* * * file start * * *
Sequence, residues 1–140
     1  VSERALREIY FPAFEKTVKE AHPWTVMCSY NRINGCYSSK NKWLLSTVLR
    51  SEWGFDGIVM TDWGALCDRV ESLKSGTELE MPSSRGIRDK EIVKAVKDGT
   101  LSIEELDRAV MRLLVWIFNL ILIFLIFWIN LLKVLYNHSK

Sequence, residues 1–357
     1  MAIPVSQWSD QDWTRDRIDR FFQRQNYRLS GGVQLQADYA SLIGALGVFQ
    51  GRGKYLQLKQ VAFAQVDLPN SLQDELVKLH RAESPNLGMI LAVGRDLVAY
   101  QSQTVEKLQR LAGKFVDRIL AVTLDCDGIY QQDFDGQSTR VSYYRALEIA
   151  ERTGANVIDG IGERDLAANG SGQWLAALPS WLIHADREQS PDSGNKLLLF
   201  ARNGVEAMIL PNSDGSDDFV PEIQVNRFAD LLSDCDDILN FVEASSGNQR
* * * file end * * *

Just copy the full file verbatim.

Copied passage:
Sequence, residues 1–140
     1  VSERALREIY FPAFEKTVKE AHPWTVMCSY NRINGCYSSK NKWLLSTVLR
    51  SEWGFDGIVM TDWGALCDRV ESLKSGTELE MPSSRGIRDK EIVKAVKDGT
   101  LSIEELDRAV MRLLVWIFNL ILIFLIFWIN LLKVLYNHSK

Sequence, residues 1–357
     1  MAIPVSQWSD QDWTRDRIDR FFQRQNYRLS GGVQLQADYA SLIGALGVFQ
    51  GRGKYLQLKQ VAFAQVDLPN SLQDELVKLH RAESPNLGMI LAVGRDLVAY
   101  QSQTVEKLQR LAGKFVDRIL AVTLDCDGIY QQDFDGQSTR VSYYRALEIA
   151  ERTGANVIDG IGERDLAANG SGQWLAALPS WLIHADREQS PDSGNKLLLF
   201  ARNGVEAMIL PNSDGSDDFV PEIQVNRFAD LLSDCDDILN FVEASSGNQR